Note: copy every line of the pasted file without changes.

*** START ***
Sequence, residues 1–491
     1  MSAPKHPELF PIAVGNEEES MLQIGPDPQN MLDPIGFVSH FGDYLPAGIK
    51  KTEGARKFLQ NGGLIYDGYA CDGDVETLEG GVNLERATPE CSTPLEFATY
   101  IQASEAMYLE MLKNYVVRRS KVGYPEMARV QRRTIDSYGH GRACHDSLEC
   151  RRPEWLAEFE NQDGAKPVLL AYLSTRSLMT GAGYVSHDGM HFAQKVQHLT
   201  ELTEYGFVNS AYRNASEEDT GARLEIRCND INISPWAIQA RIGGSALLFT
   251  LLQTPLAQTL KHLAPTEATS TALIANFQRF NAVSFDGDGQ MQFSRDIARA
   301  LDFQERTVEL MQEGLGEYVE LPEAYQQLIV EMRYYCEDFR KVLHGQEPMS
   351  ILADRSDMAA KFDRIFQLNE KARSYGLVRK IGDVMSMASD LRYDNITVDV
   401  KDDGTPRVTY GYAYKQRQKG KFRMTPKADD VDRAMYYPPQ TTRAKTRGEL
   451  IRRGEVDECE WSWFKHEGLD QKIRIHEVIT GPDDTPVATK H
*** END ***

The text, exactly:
Sequence, residues 1–491
     1  MSAPKHPELF PIAVGNEEES MLQIGPDPQN MLDPIGFVSH FGDYLPAGIK
    51  KTEGARKFLQ NGGLIYDGYA CDGDVETLEG GVNLERATPE CSTPLEFATY
   101  IQASEAMYLE MLKNYVVRRS KVGYPEMARV QRRTIDSYGH GRACHDSLEC
   151  RRPEWLAEFE NQDGAKPVLL AYLSTRSLMT GAGYVSHDGM HFAQKVQHLT
   201  ELTEYGFVNS AYRNASEEDT GARLEIRCND INISPWAIQA RIGGSALLFT
   251  LLQTPLAQTL KHLAPTEATS TALIANFQRF NAVSFDGDGQ MQFSRDIARA
   301  LDFQERTVEL MQEGLGEYVE LPEAYQQLIV EMRYYCEDFR KVLHGQEPMS
   351  ILADRSDMAA KFDRIFQLNE KARSYGLVRK IGDVMSMASD LRYDNITVDV
   401  KDDGTPRVTY GYAYKQRQKG KFRMTPKADD VDRAMYYPPQ TTRAKTRGEL
   451  IRRGEVDECE WSWFKHEGLD QKIRIHEVIT GPDDTPVATK H